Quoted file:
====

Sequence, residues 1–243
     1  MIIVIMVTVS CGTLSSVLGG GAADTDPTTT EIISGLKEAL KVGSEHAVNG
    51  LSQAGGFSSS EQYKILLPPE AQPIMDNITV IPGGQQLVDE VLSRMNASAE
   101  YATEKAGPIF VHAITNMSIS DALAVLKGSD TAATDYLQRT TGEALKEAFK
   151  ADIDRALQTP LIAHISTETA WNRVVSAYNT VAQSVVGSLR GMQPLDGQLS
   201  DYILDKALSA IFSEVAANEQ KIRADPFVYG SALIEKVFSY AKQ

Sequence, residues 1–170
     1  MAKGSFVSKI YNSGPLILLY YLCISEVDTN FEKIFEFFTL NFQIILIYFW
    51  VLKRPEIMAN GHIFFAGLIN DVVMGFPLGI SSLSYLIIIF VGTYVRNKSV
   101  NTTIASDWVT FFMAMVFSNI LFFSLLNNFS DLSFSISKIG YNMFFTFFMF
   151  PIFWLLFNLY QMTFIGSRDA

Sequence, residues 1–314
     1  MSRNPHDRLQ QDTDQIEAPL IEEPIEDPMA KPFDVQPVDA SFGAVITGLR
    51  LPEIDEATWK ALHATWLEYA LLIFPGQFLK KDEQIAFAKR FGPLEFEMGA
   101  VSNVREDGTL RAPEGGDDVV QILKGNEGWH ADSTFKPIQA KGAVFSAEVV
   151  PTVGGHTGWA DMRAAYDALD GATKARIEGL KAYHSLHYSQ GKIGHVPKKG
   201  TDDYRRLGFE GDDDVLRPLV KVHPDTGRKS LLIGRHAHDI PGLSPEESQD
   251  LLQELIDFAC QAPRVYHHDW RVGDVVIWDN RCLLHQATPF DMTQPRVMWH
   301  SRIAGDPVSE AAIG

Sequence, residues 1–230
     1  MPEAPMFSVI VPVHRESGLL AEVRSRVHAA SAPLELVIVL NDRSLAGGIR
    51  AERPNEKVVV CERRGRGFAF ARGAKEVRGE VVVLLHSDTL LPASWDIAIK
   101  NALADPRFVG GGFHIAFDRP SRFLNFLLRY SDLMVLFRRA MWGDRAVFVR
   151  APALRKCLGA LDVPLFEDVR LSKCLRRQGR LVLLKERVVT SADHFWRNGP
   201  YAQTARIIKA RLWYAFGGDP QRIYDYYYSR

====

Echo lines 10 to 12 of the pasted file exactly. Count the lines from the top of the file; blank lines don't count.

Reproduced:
   101  NTTIASDWVT FFMAMVFSNI LFFSLLNNFS DLSFSISKIG YNMFFTFFMF
   151  PIFWLLFNLY QMTFIGSRDA

Sequence, residues 1–314